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Do Golf Irons Need Covers? When To Use Them And Why

Golf iron covers can be somewhat of a divisive topic among golfers – some players love them, while other players will sneer at anyone who uses them.

To a lot of golfers, iron covers can be seen as ‘uncool’, while others don’t care what people think and would much rather their irons be kept nice and secure inside their covers to avoid damage.

So, personal preferences aside, you’ve likely landed on this article because you want to know: do golf irons need covers?

Golf iron covers work extremely well to protect your irons from damage when in your bag. Each cover acts as a barrier to stop your irons banging against one other, which can prevent scratches or chips. While iron covers are not essential, they will add extra protection to your golf clubs at a modest price.

Without question, iron covers are extremely effective at protecting the heads of your irons – which is what they are designed to do.


Personally, I don’t use iron covers as having to take the covers off and on for every shot can be quite annoying and finicky, and the bulkiness of the covers means they take up far more room in my bag.

This can sometimes result in clubs getting ‘stuck’ when you’re trying to pull them out of the bag to take your shot, especially if you own rubber covers.

Furthermore, iron covers are notorious for slipping off during a round without you noticing – meaning you’ll often find yourself having to comb the fairways with your playing partners looking for the missing piece.

For me, those minor annoyances outweigh the benefits of stopping the occasional scratches or chips to my irons by putting covers on them.

But if you’re someone who has more patience than me and hates the thoughts of your irons getting knocked around or damaged, then iron covers are a perfect solution to your problem.

What is the purpose of iron covers?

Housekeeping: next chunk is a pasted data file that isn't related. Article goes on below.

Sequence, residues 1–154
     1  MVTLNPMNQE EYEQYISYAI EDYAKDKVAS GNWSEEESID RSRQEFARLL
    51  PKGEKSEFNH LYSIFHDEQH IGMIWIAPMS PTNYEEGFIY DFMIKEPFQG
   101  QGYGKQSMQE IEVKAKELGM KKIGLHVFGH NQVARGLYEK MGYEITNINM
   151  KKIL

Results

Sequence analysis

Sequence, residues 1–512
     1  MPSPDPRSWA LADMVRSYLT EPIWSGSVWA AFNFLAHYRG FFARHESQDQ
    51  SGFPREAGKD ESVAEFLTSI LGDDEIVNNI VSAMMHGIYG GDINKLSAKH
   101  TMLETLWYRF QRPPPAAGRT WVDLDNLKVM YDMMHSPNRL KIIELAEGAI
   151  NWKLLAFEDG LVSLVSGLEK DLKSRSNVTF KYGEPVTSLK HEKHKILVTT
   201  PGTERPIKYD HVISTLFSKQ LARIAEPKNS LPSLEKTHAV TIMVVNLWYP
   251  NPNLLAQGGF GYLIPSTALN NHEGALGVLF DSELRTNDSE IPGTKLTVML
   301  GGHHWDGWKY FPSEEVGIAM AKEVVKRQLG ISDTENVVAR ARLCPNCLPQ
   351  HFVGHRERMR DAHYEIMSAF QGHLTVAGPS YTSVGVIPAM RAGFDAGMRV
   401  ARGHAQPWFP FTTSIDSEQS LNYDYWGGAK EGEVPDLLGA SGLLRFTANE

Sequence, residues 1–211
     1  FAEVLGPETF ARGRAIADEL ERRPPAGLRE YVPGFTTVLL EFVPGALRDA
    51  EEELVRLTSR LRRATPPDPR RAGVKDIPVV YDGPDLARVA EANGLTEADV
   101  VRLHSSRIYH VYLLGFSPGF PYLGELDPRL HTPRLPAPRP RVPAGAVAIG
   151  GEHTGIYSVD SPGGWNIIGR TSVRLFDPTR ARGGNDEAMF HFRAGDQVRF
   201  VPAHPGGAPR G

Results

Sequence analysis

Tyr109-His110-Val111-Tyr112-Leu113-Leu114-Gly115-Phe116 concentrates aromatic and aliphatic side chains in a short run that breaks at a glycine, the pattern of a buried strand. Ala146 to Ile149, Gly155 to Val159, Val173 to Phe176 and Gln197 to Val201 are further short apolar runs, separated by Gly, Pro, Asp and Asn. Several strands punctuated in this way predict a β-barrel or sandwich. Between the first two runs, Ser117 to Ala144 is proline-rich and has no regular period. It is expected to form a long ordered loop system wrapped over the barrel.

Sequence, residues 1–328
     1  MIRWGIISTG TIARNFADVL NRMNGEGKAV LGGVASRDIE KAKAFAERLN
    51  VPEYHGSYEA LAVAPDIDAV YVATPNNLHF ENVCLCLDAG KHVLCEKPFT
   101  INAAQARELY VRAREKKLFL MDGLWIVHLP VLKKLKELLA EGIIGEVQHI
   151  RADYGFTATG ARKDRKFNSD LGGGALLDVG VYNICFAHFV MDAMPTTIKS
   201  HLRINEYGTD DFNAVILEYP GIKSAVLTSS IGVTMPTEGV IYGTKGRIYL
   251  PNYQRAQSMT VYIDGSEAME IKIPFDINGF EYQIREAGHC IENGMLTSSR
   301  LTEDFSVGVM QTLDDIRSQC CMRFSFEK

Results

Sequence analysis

Iron covers have two main purposes: firstly, to act as a barrier between your iron heads to prevent them from causing damage to one another; and secondly, to stop them ‘clanging’ together loudly during your round.

Because iron covers are made of rubber, synthetic leather or even cotton material, they do an excellent job of keeping your irons safe and secure – which is their number one purpose.

If you’re really protective of your clubs, you could try hitting shots while keeping your iron covers on, but as the guys from GM Golf have demonstrated in the video below, that doesn’t tend to work very well…

We Hit Every Shot With Iron Covers On Our Golf Clubs | GM GOLF

Should you put covers on your irons?

You should definitely put covers on your irons if you’re worried about damage. Iron covers are far more beneficial for golfers who carry their clubs on their back in a carry bag, or drive a motorised cart – as opposed to golfers who carry their clubs in a push cart during a round.

The reason for this is your irons are far more likely to rattle against each other when using a carry bag, due to the up, down and sideways movement caused by your walking gait.

The same can be said for golfers who drive motorised carts, as the speed at which you are driving means your irons are more likely to move around a lot more and damage one another – especially when driving over bumpy, rough terrain while looking for strayed shots.

Golf push carts keep your irons far more stable as your walk the course, meaning players who use push carts – like me, with my trusty Bag Boy Compact 3 push cart – are far less likely to need iron covers to protect their clubs.

So, if you want better protection for your irons but don’t feel comfortable putting iron covers on them, a push cart could be another solution to your problem.

If you are thinking about purchasing a push cart, I’ve written a detailed review about why the Bag Boy Compact 3 – which I’ve been using for three years – is still the best option available today.

Should you put covers on your irons when travelling?

Iron covers are a great idea if you are planning on travelling with them, either in a taxi or Uber, or by plane. Airport baggage handlers and taxi/Uber drivers are notoriously careless when handling luggage, and the last thing you want is for your irons to be badly damaged en route to your destination.

Placing iron covers on your irons before checking them in for your flight will give them far greater protection and security from any bad baggage-handling practices – and could be the difference between your clubs arriving scratch-free, or not.

It also gives them greater protection when taking an Uber from the airport to your place of accommodation (you can read more detailed information about taking golf clubs in an Uber here).

For everything you need to know about flying with golf clubs, including baggage fees/restrictions, check out another article I wrote on that exact topic here.

I’d definitely recommend using iron covers on your clubs when travelling by plane.

Do all golf irons come with head covers?

While some irons come with head covers at the time of purchase, the majority of them do not.